The San Mateo Church is one of the greatest architectural and artistic wonders of the city of Jerez (Cádiz, Spain), founded during the medieval period, most of its building presents the typical Gothic architecture of the 14th-15th centuries, with additions from Renaissance and Baroque styles.
The objective in this course of bioarcheological fieldwork will be to excavate the burial niches dating from the 17th century of the underground funerary crypt that belongs to the San Mateo Church. An old plan of the church basement confirms that the church basement houses a large number of burial tombs. This will be the first time this funerary crypt has been excavated.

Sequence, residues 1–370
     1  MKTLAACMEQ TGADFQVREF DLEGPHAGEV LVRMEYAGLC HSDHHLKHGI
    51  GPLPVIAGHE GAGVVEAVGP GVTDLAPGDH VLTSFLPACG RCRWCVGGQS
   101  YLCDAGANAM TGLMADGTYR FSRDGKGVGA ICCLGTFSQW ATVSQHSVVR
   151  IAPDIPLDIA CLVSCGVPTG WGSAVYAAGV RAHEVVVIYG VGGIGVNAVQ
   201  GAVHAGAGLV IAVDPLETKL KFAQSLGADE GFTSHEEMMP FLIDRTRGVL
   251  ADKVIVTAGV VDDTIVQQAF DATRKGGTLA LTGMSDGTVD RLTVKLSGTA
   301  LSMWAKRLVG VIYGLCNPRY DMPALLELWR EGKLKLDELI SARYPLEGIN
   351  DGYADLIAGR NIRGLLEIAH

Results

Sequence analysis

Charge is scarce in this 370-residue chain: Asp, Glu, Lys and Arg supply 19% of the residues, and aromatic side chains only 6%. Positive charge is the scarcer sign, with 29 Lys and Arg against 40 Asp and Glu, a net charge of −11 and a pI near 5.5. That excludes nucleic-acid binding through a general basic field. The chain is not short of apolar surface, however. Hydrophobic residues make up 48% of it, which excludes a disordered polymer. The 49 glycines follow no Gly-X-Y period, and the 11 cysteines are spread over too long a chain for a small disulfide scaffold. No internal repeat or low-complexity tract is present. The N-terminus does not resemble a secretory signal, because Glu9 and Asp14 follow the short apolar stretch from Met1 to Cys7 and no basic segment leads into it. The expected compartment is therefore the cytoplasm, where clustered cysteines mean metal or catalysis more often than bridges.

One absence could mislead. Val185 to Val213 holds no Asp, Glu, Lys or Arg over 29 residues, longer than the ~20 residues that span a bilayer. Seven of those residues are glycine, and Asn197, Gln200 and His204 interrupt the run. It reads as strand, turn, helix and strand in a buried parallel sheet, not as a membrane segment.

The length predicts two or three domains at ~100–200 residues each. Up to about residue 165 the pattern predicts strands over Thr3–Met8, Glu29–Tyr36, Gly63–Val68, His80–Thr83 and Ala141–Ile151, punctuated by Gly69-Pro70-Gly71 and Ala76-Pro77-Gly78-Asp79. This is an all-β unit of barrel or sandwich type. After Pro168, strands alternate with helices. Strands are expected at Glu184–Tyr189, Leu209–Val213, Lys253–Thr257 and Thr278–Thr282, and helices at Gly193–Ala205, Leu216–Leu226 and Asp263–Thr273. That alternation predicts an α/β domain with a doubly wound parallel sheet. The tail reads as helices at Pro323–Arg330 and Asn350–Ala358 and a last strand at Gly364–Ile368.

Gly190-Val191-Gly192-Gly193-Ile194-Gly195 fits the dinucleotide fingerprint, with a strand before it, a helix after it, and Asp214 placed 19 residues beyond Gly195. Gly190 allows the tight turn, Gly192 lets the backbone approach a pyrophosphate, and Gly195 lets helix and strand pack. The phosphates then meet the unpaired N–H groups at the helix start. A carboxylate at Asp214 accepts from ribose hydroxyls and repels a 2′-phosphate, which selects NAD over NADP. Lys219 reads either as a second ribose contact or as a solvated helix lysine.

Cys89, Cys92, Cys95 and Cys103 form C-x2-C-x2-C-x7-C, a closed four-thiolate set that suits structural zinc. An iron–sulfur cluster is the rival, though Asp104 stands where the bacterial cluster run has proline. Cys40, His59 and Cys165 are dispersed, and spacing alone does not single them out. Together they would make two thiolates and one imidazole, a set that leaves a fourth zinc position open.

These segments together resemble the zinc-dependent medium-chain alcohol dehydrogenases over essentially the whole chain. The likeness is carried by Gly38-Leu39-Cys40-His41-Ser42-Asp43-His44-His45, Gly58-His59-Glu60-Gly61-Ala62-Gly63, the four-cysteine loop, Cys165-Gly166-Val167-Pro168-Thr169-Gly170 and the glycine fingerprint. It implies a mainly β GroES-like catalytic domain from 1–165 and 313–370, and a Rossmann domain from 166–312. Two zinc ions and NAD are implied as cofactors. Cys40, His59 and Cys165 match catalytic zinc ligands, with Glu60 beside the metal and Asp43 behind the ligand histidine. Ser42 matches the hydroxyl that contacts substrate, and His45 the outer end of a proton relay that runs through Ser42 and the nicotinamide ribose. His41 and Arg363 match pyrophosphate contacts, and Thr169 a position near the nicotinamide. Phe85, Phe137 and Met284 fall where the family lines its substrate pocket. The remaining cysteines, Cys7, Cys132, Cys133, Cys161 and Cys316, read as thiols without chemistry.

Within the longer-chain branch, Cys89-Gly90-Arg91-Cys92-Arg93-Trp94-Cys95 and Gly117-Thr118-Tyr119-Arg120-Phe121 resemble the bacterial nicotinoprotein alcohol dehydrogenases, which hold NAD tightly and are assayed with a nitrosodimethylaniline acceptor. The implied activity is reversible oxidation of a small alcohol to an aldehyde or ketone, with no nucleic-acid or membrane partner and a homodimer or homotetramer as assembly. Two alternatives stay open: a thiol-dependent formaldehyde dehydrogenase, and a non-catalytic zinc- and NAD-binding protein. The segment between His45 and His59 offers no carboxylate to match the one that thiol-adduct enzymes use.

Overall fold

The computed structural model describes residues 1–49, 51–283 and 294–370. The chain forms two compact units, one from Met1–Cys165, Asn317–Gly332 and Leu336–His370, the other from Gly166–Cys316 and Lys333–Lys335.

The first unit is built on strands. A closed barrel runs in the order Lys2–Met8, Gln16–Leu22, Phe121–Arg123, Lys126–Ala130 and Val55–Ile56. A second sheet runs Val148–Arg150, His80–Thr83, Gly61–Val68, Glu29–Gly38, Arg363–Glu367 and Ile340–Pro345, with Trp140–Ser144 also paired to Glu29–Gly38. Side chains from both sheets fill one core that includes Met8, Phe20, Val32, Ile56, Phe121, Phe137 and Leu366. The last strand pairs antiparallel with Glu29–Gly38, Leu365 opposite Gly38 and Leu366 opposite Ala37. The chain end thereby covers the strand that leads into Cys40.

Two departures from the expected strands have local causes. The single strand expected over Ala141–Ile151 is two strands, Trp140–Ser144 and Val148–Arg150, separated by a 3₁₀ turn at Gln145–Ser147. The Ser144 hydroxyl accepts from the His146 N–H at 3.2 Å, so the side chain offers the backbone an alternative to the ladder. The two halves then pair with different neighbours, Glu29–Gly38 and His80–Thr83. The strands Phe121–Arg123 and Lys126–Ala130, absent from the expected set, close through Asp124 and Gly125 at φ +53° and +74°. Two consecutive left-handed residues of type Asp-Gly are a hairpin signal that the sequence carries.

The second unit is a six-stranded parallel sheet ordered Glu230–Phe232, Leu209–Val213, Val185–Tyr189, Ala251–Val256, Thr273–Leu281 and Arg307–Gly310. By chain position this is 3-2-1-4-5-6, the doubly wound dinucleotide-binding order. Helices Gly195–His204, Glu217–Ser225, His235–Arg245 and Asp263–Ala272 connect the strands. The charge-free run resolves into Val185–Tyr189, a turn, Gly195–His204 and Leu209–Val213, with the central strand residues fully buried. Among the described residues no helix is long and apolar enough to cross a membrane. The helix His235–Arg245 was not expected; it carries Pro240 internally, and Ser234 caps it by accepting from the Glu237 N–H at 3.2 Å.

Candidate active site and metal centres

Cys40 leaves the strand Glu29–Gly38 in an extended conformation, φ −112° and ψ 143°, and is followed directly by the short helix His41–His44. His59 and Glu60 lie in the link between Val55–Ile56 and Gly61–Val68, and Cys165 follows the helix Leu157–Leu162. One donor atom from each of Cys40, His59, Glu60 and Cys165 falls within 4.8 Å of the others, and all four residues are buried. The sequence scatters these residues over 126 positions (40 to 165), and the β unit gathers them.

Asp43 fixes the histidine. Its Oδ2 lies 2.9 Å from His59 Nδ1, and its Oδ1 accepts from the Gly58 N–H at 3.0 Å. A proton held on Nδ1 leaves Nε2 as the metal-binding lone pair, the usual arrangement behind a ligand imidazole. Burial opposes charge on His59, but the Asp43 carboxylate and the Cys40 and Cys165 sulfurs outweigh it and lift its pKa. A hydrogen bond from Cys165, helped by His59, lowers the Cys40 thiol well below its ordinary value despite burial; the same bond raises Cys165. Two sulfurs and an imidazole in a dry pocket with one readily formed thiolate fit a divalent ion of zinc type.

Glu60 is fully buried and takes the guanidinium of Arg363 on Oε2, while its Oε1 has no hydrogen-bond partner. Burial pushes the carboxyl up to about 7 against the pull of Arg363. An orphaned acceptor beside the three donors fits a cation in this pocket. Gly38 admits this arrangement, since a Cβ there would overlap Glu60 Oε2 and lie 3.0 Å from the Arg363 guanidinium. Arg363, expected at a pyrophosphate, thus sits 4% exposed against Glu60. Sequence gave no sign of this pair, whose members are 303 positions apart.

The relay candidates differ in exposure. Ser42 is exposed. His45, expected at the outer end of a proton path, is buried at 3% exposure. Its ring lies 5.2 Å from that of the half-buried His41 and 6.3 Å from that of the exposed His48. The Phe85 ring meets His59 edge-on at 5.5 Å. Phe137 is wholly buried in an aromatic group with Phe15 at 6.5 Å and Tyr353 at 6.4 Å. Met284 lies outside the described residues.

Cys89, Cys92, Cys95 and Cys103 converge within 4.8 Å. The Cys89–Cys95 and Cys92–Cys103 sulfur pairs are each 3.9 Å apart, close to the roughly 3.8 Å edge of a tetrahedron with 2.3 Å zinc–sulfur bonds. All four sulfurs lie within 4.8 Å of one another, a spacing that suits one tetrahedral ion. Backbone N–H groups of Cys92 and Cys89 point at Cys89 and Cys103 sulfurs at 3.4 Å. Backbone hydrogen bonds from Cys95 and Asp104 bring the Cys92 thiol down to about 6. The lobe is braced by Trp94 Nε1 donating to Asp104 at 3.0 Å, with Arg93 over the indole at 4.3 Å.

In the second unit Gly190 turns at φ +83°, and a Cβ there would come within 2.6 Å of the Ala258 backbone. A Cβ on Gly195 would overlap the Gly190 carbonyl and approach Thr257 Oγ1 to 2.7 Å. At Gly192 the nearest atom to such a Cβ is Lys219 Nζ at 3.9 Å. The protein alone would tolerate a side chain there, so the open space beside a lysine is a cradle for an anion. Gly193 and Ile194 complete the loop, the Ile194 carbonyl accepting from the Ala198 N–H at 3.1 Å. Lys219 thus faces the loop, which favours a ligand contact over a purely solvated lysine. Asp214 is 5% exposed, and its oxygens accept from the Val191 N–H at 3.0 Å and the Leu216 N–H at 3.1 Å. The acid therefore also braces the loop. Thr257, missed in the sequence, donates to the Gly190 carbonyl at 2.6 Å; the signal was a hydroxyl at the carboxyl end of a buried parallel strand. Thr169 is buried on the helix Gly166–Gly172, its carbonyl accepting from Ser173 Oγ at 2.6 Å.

In the period between the 16th-18th centuries, the city was administered by neighborhoods, to which parish churches were assigned, which organized both the usual worship, like the system of burial of the faithful in cemeteries or underground crypts.
From the 16th century, the vast majority of Christian churches used their subsoils to bury the dead in individual tombs and in crypts to create sepulchral chapels that housed members of the same family or community. The fieldwork focuses on funerary structures, specifically inhumation graves. Students will also participate in lectures on skeletal anatomy and pathologies, classes, and exercises related to the course material.
Cádiz, Southern Spain
June 5 - July 17, 2022
Friday, July 15, 2022
Gonzalo Castro Moreno: Sanisera Archaeology Institute